The Bureau for Intercultural Education (BIE) emerged out of a reorganization of the original Service Bureau accomplished during the period 1939-1941. During the next ten years, the Bureau for Intercultural Education assumed leadership over a number of influential programs in the field of intercultural education, including workshop training for teachers, scientific research in the emerging field of human relations and the establishment of field centers in such cities as Detroit, Gary, and Battle Creek. The Bureau’s major financial backers were the American Jewish Committee, the Anti-Defamation League of B’Nai B’rith, and the Julius Rosenwalk Fund. The first director of the vamped Bureau was Stewart Cole, who served from 1940 to 1944. He was succeeded by H.H. Giles from 1944-1948, under whose direction made a major expansion of Bureau operations was carried out. From 1948 to 1954, a number of men assumed supervision of the organization, but a combination of factors led to a gradual reduction of the number and scope of Bureau activities. The decision to “suspend operations” was taken at the final meeting of the Bureau’s Executive Committee on June 9, 1954.

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Preliminary Container List

Box Contents
1 Kilpatrick material, 1916
  Kilpatrick & Frontiers of Democracy material, 1940-1941
  Bureau for Intercultural Education (BIE) History, ca. 1940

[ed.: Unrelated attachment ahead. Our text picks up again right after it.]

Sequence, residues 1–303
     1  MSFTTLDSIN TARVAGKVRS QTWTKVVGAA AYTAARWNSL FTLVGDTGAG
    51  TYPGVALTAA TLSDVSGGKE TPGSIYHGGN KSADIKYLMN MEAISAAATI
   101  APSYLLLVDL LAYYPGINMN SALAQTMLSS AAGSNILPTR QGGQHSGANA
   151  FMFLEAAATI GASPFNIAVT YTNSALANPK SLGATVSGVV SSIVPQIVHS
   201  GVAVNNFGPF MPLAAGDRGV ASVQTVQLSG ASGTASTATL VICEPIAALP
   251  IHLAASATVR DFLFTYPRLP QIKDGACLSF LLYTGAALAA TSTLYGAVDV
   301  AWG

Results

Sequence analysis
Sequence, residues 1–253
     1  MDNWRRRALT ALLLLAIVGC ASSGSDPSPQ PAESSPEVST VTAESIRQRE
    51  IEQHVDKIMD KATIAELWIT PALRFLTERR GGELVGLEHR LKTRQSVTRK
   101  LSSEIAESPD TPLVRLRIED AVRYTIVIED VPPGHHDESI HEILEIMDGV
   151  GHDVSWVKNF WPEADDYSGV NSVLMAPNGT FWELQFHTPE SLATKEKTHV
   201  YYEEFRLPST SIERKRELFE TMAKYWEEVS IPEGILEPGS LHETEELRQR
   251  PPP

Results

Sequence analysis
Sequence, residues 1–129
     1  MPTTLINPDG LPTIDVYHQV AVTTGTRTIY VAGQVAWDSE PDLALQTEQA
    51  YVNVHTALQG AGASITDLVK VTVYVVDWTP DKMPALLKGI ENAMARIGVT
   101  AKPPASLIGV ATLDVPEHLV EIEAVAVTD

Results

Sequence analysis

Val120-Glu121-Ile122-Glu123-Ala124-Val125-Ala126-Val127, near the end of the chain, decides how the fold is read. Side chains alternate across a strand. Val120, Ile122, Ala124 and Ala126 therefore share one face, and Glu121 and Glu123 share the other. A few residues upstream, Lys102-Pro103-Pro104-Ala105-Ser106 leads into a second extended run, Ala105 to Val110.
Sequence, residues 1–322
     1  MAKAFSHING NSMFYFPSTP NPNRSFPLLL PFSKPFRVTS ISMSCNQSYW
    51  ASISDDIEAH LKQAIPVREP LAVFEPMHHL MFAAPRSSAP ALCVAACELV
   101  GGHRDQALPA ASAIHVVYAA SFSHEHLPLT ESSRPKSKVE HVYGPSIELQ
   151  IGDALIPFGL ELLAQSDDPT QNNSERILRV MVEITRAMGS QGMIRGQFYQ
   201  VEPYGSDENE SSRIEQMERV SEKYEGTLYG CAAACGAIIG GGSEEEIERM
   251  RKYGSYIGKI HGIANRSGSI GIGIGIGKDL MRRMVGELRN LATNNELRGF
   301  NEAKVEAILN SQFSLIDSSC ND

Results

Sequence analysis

Service Bureau G.E.D. Evaluation; vol. 2, 1940
  BIE General Correspondence & related documents, 1940-1957
  BIE Correspondence, Fieldston School Project, 1940
  BIE Reports to the Board of Directors
  BIE Minutes, 1945-1947
  Pamphlets, BIE
  BIE Publications, Promising Practices in Intergroup Education, 1947
  Intercultural Education News, 1945-1948, scattered news
  Pamphlets, National Conference, Christ and Jews
  Philadelphia Early Childhood Project, Progress Report, 1946
  Clippings, Philadelphia Project and Others
  BIE Correspondence
  BIE Report on Second Conference of School Administrators, Chicago, 1945
  BIE Department of Analysis and Research, Survey of Intercultural Policies of Selected School Systems, 1947
  BIE Harding Correspondence, 1946-1948
  Giles’ Check Lists
  Bureau - Center for Human Relations
  BIE Field Report Schedules, Westchester County, n.d.
  Miscellaneous Publications and Pamphlets, 1950, 1958
  BIE History Interviews, 1958
  Form Letters
  Questionnaire (blank)
  Stewart Cole Tapes; 1, 2, 3
  Transcriptions of Cole Tapes; 1, 2
  Transcriptions of Cole Tapes; 3
  Notes on Interviews, ca. 1958
  BIE Year by Year Historical Sketch, ca. 1958
  Bureau lists of Officers and Board Members, 1934-1952
  Notes on Bureau Publications, 1958
  Notes on Rachel D. DuBois’ doctoral dissertation, ca. 1958
  Content Analysis of Publications
  Analysis of Budget
  My Notes (?) on the Report of the Committee for Evaluation to the General Education Board
  Related Papers: Olive Hall
  Miscellaneous Notes, ca. 1958
  BIE Fund Raising Literature
2 BIE Feinberg History
  Panel of Americans, 1961
  BIE Bibliographical Material
  One bound copy of Victor E. Pitkin’s dissertation: “A Resource Unit for the Training of Secondary Teachers in Problems and Issue Involving Minority Groups. With Special Reference to Negro-White Relations”